TextExpander as Subscription Software

TextExpander as Subscription Software

When Should Software Be a Subscription Service?

I don’t contest the fact that developers need income. I have gladly upgraded TextExpander every time there was a new version, even if the changes weren’t important to me. It’s important to support independent developers, to ensure that the Mac and iOS ecosystems have excellent apps. In addition, the race-to-the-bottom pricing that we’re seeing with the App Store model is preventing developers from making enough profits.

This blew up while I was still recovering from some minor surgery and so I missed most of it as it happened. Kirk McElhearn’s take on the pricing part of the equation is very nearly the same as mine.

Besides the huge increase in average yearly pricing that McElhearn laid out very clearly, I have three major problems with the subscription model:


  1. If TextExpander can’t connect to a server, will the snippets disappear until it can? If there’s no offline mode, TextExpander would be basically useless to me. One of the places I work has a very spotty internet connection. Even on my iPhone, I’m occasionally completely offline, but am still doing work that I would normally use TextExpander for.


  2. I have serious reservations about the security of Smile’s syncing solution. I do not have particularly sensitive information in my snippets, but I do have things like email addresses, physical addresses, and phone numbers. All of that will be stored unencrypted on their servers. They seem to be pushing toward an enterprise market, but the level of security Smile is committing to at this point is inadequate for an only moderately-concerned private user like me.

    In TextExpander’s manual they advise against using it to store anything potentially compromising, like passwords, but for many companies contact information or simply the names and positions of certain individuals in an org chart could be considered sensitive information.

    Usually, in enterprise-level software, companies want to run it on their own servers that they control, and they contract with the software provider for support service for their IT staff. I’m pretty sure most companies who might otherwise consider TextExpander would balk at Smile’s proposed syncing solution.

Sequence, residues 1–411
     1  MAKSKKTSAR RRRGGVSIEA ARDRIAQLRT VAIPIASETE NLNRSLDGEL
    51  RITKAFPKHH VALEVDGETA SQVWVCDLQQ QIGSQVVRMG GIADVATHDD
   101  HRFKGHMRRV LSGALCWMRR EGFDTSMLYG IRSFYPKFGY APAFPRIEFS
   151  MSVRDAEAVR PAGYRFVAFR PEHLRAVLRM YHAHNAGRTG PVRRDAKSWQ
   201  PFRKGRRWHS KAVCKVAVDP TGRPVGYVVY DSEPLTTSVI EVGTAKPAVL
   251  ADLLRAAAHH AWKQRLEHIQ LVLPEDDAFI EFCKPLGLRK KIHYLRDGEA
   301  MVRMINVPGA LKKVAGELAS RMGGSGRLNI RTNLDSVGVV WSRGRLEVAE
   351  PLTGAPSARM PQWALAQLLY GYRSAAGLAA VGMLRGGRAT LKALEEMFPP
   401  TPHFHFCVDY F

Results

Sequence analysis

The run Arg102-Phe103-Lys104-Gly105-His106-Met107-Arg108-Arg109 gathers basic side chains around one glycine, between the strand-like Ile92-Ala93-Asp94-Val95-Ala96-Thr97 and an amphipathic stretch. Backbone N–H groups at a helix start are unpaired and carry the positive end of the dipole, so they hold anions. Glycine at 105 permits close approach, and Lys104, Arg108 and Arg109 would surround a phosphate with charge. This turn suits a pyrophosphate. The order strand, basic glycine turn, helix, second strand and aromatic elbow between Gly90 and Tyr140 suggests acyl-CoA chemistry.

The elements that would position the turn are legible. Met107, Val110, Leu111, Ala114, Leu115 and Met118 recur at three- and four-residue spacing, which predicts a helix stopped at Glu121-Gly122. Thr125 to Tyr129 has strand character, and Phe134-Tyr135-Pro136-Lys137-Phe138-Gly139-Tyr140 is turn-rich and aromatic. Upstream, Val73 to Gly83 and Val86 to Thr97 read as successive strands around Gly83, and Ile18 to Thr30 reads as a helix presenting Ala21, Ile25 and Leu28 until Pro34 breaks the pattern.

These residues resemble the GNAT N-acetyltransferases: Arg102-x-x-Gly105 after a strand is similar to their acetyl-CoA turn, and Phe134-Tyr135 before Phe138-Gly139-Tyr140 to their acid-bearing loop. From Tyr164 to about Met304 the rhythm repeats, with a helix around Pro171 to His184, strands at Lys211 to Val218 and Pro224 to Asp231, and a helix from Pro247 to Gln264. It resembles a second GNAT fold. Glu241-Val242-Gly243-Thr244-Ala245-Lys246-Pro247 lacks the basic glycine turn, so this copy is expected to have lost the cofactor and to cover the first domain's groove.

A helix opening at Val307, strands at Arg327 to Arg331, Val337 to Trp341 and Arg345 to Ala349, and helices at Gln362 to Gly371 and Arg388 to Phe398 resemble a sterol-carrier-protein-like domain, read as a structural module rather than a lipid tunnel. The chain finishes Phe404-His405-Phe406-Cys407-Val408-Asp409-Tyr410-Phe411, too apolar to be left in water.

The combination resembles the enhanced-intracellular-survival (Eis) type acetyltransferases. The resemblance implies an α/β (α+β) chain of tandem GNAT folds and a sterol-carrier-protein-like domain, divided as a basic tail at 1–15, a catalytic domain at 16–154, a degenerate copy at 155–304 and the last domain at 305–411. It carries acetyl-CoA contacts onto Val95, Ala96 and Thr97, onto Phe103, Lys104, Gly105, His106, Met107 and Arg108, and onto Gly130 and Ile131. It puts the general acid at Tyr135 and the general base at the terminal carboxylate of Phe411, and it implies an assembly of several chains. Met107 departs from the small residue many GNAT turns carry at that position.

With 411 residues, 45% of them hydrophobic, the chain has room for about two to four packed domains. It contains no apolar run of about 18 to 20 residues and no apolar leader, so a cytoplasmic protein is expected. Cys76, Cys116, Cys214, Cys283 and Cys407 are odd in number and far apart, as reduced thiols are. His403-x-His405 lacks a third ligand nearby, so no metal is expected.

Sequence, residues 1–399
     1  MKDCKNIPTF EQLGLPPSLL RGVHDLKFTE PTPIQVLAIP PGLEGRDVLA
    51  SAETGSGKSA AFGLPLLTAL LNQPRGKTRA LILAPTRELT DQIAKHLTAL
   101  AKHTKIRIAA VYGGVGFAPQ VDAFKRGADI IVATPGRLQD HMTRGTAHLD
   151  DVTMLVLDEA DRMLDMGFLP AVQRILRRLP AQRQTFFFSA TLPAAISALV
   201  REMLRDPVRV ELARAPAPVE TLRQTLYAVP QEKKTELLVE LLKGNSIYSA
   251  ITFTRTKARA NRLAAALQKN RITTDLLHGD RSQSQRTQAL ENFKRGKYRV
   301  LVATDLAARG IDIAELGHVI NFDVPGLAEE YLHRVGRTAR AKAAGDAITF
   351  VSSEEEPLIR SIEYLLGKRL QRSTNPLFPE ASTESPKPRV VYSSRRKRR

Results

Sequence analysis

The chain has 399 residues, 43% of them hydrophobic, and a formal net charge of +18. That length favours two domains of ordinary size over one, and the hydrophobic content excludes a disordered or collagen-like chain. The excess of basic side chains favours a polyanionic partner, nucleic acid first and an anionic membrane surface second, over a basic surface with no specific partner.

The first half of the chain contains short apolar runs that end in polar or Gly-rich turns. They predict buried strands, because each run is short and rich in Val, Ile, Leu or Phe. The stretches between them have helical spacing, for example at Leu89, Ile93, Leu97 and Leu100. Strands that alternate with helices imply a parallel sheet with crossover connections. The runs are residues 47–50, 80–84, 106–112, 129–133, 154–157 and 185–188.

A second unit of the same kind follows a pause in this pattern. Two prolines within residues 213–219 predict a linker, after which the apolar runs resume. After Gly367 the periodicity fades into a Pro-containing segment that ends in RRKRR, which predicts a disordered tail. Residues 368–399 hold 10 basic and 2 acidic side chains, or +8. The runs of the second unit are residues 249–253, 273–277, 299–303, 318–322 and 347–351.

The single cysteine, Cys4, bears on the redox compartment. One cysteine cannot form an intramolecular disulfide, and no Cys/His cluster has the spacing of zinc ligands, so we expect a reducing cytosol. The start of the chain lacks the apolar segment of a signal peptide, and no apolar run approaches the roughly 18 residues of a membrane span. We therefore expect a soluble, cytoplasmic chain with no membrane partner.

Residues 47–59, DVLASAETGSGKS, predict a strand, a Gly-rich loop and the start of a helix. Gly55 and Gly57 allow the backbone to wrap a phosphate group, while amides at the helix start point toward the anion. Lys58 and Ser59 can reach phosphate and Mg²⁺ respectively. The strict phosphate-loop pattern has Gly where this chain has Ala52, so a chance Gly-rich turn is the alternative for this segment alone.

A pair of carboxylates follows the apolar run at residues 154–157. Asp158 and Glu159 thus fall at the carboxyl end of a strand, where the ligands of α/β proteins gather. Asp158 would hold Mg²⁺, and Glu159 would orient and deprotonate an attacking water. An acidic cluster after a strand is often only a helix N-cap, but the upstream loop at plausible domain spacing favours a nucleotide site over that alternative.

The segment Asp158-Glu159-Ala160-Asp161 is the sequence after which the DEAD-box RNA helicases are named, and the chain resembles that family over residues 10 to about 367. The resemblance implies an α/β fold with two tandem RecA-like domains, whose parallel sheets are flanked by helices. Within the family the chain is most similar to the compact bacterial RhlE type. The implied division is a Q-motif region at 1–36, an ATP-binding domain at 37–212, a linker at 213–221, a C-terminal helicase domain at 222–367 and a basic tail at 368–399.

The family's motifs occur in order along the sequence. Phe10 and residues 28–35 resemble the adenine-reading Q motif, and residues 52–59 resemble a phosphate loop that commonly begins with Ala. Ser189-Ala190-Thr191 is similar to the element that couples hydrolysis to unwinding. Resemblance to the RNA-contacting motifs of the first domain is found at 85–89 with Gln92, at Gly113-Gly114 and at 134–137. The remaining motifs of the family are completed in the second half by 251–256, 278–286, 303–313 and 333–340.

3. This move offers zero benefit to me, the user. I don’t use Windows, and haven’t for about 15 years. If I did, I probably would be pretty happy about the announced support for that platform. I don’t work with teams and I don’t share snippets with a group. Having to use someone else’s shortcuts sounds like a special kind of hell to me.

    I have no incentive to “upgrade” other than the stick of eventual obsolescence when the old version breaks. While I could possibly justify the price, given how much I use TextExpander on both OS X and iOS, it’s still a significant jump. The announcement of the pricing change has prompted me to explore other options, and I’m sure I’m not the only formerly-loyal TextExpander user doing so, which can’t be good for Smile’s future sales.


One small misstep like this can drastically change people’s perceptions of your company. Apple can get away with taking away peripheral ports and eliminating optical drives because they generally get it right in the long-term, and sometimes offer temporary fixes in the transition.

Smile probably should have offered a two-tier pricing model: Basic users pay a one-time fee for major updates; “Pro” users pay an additional recurring cost for access to certain capabilities. Most people would have had no negative reaction to that model, and even basic users would have considered the pro upgrade to see if it fit their needs.

Unfortunately, Smile alienated a large section of their most loyal user base with an announcement that made it obvious that Smile’s future priorities and their customers’ priorities are definitely not the same. If it was their way of “firing” those customers in favor of a different user base, as some have speculated, Smile has definitely not put in the kind of work they need to successfully court the enterprise market, even though all of the announced features sound as if they were created for business users over individuals.

For me, ultimately, the problem isn’t the pricing. The problem is that I can’t count on Smile to continue making a product that works the way I want it to work. They’re solving problems I don’t have, and pushing features that make me distrust their future versions.